Why Christmas Rituals Make You Feel Happier

Study on rituals before eating reveals why they should be observed.

Study on rituals before eating reveals why they should be observed.

Every family has their Christmas rituals: it may be who hands out the presents, what songs are played or sung, what is watched on TV or where you sit at the table.

While these may all have special significance as making it your particular Christmas, are they just regular routines that have evolved over the years or do they have a psychological impact?

In fact, a study finds, rituals performed before eating or drinking can indeed enhance the pleasure we get (Vohs et al., 2013).

Professor Kathleen Vohs, who led the study said:

“Whenever I order an espresso, I take a sugar packet and shake it, open the packet and pour a teeny bit of sugar in, and then taste.

It’s never enough sugar, so I then pour about half of the packet in. The thing is, this isn’t a functional ritual, I should just skip right to pouring in half the packet.”

In the study some people were given very specific instructions for how they should eat a chocolate bar:

 “Without unwrapping the chocolate bar, break it in half.

Unwrap half of the bar and eat it.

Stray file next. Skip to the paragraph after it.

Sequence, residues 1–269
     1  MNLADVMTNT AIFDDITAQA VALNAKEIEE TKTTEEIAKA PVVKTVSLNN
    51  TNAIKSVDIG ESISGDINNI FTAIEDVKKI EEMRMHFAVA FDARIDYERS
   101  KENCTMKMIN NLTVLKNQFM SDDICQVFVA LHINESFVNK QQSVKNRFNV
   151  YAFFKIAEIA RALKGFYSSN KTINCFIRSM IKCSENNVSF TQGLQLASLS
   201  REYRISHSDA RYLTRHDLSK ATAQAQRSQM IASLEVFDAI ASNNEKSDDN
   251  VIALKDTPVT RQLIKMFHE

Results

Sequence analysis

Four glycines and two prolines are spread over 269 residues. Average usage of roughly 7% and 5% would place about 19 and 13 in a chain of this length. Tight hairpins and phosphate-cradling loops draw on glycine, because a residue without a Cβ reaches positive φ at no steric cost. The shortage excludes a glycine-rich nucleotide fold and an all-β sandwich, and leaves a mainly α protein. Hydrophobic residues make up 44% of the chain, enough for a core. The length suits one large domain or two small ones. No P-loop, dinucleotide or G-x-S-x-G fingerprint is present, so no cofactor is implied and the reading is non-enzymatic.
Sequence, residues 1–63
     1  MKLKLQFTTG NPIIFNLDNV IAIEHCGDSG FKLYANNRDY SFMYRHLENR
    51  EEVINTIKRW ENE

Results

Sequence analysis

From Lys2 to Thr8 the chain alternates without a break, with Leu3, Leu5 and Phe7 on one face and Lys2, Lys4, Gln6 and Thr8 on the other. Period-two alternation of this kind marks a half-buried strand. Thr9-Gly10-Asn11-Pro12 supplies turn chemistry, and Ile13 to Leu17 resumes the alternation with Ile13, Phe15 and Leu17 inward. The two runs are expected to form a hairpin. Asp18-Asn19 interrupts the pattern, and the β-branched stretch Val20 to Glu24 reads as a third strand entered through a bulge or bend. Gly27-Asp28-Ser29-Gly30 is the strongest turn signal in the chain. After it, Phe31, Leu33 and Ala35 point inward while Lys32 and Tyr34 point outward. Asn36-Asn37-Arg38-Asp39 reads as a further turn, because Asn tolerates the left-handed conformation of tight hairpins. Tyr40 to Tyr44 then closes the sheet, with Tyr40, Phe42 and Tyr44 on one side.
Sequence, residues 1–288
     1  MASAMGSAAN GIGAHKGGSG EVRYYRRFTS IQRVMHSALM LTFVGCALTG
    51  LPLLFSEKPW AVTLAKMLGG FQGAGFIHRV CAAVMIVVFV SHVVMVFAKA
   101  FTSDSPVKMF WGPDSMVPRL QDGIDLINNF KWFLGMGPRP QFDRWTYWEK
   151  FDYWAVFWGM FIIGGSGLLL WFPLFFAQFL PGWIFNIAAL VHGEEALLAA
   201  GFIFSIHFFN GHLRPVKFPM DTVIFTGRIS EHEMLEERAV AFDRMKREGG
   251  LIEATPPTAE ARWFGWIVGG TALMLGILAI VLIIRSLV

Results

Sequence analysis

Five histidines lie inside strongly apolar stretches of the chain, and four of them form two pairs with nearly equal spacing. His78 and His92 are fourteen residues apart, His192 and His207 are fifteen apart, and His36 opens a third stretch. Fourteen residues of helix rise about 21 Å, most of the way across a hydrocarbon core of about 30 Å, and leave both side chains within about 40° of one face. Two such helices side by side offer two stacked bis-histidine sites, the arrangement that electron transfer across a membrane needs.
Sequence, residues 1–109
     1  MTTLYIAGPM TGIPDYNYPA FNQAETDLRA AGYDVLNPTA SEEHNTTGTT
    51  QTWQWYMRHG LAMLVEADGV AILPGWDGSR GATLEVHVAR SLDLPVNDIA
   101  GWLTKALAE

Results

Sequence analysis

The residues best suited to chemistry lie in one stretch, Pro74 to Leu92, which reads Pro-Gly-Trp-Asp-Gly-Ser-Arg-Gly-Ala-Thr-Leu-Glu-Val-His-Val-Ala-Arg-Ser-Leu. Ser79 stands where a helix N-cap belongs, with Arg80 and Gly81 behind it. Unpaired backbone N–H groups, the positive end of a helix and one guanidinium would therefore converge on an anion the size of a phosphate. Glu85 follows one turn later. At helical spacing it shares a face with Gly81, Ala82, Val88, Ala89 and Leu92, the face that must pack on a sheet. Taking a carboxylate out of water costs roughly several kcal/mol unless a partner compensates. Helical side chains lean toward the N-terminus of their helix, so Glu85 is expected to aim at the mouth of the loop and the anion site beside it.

Then, unwrap the other half and eat it.”

Compared with another group who ate the bar how they wanted, those who performed this ritual rated the chocolate more highly and savoured it more.

So perform all those Christmas rituals just as you always have: that way you’ll enjoy and savour it more.

And if your Christmas lunch is a little late, then take heart from the second part of the study, which found that a longer wait after the ritual and before eating increased the pleasure even more…

…even when people were only eating carrots!

Happy Holidays!

• Read on: The 12 Psychology Studies of Christmas


Author: Dr Jeremy Dean

Psychologist, Jeremy Dean, PhD is the founder and author of PsyBlog. He holds a doctorate in psychology from University College London and two other advanced degrees in psychology. He has been writing about scientific research on PsyBlog since 2004.

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